Thus, the plaintiffs' fraud, and fraud-related claims based on the Dr. Pepper's Canada Dry commercials survive this motion, and the allegations regarding the Canada Dry website may remain in the complaint because they go to Dr. Pepper's alleged intent to deceive the public.
4. The Jack's Ginger Farm Television Commercials Are Not, As a Matter of Law, Inactionable Puffery.
Dr. Pepper argues that the Court should dismiss any claims based on the television commercials because such commercials are "inactionable puffery." Dkt. No. 74-1 at 21. Plaintiffs rebut that the commercials are not puffery, and that Fitzhenry-Russell not only relied on the commercials, but that the commercials are also a longstanding advertising campaign. Dkt. No. 77 at 22-25. The Court agrees with the plaintiffs on both issues; and finds that Dr. Pepper's puffery arguments are blown out of proportion.
"The distinguishing characteristics of puffery are vague, highly subjective claims as opposed to specific, detailed factual assertions." Haskell v. Time, Inc., 857 F. Supp. 1392, 1399 (E.D. Cal. 1994) (citing Cook, Perkiss & Liehe, Inc. v. N. Cal. Collection Serv., Inc., 911 F.2d 242, 246 (9th Cir. 1990)). "One test to determine if a statement is only puffery is to inquire whether a reasonable consumer would consider the statement to be true." Stearns v. Select Comfort Retail Corp., No. 08-cv-02746 JF, 2009 WL 1635931, at *11 (N.D. Cal. June 5, 2009). At the pleading stage, the Court cannot conclude that Canada Dry commercials are mere puffery.
To take the most recent of the Canada Dry commercials for example, available at https://www.youtube.com/watch?v=-Y5TowjCdeU, the commercial opens at "Jack's Ginger Farm," in which what appears to be ginger plants are growing. Next, a farmer is shown in the "ginger" field, and he observes plants being sucked into the ground and he grabs one. The farmer subsequently engages in a tug-of-war with an attractive woman at the other end of the plant, and the farmer is transported to the backyard barbeque the woman is attending. Lo and behold, the "root" of the "ginger" plant is an ice-cold bottle of Canada Dry, and the farmer has a new love interest. Admittedly, the events described in the last three sentences by themselves would be "inactionable puffery," but what happens next is not. The voice-over in the commercial states: "For refreshingly real ginger taste, grab a Canada Dry Ginger Ale. Real ginger, real taste. Real Ahh." The words "real ginger" also appear on the screen.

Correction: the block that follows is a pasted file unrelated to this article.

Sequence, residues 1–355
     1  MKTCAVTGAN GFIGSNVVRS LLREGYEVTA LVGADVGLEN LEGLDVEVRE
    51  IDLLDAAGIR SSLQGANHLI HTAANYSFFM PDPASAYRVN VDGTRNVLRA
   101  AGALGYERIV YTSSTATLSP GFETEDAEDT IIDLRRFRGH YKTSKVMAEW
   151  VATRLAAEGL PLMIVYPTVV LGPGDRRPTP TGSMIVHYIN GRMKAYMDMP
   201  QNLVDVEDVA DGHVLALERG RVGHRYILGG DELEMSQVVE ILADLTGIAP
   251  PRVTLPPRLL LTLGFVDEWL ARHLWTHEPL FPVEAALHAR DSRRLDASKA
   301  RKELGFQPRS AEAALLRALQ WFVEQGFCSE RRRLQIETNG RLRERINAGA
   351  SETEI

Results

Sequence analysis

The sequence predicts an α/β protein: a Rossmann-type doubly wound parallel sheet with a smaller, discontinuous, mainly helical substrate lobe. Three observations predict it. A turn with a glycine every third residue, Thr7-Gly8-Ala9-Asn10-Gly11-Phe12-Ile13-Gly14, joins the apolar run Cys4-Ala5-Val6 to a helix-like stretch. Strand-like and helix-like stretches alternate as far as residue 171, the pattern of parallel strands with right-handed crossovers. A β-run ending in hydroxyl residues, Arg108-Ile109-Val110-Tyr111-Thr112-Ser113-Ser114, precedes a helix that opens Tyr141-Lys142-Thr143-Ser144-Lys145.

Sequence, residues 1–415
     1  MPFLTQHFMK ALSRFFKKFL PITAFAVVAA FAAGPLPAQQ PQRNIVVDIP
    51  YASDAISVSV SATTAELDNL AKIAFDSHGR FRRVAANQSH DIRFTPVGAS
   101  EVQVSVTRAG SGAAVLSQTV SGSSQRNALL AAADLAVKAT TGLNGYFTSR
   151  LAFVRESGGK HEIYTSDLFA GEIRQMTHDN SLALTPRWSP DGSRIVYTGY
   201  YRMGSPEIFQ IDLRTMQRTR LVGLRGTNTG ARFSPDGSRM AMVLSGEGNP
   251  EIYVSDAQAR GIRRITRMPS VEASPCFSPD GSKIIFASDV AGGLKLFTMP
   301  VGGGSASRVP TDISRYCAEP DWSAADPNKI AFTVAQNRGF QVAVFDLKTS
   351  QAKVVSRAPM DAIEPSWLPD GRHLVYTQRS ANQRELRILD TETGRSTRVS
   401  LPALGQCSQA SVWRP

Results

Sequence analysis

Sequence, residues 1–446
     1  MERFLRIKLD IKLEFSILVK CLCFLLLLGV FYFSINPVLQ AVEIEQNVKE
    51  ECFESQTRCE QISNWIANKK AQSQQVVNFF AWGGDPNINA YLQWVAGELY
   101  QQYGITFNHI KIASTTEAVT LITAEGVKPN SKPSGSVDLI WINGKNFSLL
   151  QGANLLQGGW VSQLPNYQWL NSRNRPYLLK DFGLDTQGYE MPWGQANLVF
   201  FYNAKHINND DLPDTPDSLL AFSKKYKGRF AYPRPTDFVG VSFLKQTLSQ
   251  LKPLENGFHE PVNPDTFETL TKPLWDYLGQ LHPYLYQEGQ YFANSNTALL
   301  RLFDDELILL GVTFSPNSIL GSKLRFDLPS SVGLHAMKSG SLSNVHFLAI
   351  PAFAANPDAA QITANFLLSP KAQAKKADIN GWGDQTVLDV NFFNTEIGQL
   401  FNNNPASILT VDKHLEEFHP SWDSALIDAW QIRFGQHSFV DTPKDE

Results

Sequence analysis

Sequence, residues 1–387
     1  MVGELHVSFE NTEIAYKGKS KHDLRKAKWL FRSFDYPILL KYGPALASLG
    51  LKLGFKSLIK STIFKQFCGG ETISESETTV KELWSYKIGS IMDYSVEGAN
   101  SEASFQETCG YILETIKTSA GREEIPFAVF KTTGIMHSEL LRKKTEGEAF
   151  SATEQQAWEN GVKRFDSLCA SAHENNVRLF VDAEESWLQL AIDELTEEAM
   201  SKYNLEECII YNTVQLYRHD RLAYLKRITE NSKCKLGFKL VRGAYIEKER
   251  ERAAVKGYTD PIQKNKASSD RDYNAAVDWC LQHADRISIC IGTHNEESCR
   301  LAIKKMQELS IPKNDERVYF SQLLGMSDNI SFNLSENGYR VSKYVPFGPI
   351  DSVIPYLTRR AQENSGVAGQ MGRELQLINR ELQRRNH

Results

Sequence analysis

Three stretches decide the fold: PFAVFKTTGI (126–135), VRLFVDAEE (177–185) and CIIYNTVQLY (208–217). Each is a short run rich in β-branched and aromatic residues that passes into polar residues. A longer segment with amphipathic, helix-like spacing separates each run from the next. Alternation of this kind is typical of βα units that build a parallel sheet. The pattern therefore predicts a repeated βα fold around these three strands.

This voiceover, when combined with (1) the "Jack's Ginger Farm" sign, (2) the field that appears to be growing ginger, and (3) the words that appear on the screen at the end of the commercial, lead the Court to conclude that the commercial cannot simply be considered puffery. These factors could lead a reasonable consumer to believe that Canada Dry Ginger Ale contains ginger root. Stearns, 2009 WL 1635931, at *11. The question is not whether a reasonable and "minimally competent" human being would think cans of Canada Dry grow from fake ginger plants on Jack's fictional Ginger Farm. Dkt. No. 81 at 19 n.12. Obviously not. The question is whether the commercials lead reasonable consumers to believe Canada Dry contains ginger root. See Dkt. No. 77 at 24. Whether a drink does or does not contain ginger root is not a vague or subjective question, it is a clear fact-based question. Haskell, 857 F. Supp. at 1399. Either the drink contains ginger root, or it does not.
5. Because Dr. Pepper's Television Commercials Constitute A Longstanding Campaign, the Plaintiffs Need Not Allege That They Personally Relied On The Commercials.
The plaintiffs also argue against the motion to dismiss their fraud and fraud-related claims by asserting they pled a longstanding advertising campaign, which means they would not be required to plead that they had actually relied on Dr. Pepper's commercials. Dkt. No. 77 at 22; Opperman v. Path, Inc., 87 F. Supp. 3d 1018, 1047 (N.D. Cal. 2014). The Court in Opperman listed six factors for a Court to consider in determining if a campaign should be considered longstanding. These factors are (1) that a plaintiff must plead she actually viewed or heard the advertisement; (2) the campaign "should be sufficiently lengthy in duration, and widespread in dissemination, that it would be unrealistic to require the plaintiff to plead each misrepresentation she saw and relied upon"; (3) the complaint must describe and "preferably attach" "a 'representative sample'" of the advertisements to provide notice to the defendant "of the precise nature of the misrepresentation claim—that is, what, in particular, the defendant is alleged to have said, and how it was misleading"; (4) "the degree to which the alleged misrepresentations contained within the advertising campaign" are similar or identical to each other; (5) if there are no "specific misrepresentations, a complaint subject to Rule 9(b)'s requirements should plead with particularity, and separately, when and how each named plaintiff was exposed to the advertising campaign"; and (6) "the court must be able to determine when a plaintiff made her purchase or otherwise relied in relation to a defendant's advertising campaign, so as to determine which portion of that campaign is relevant." Id. at 1048-51.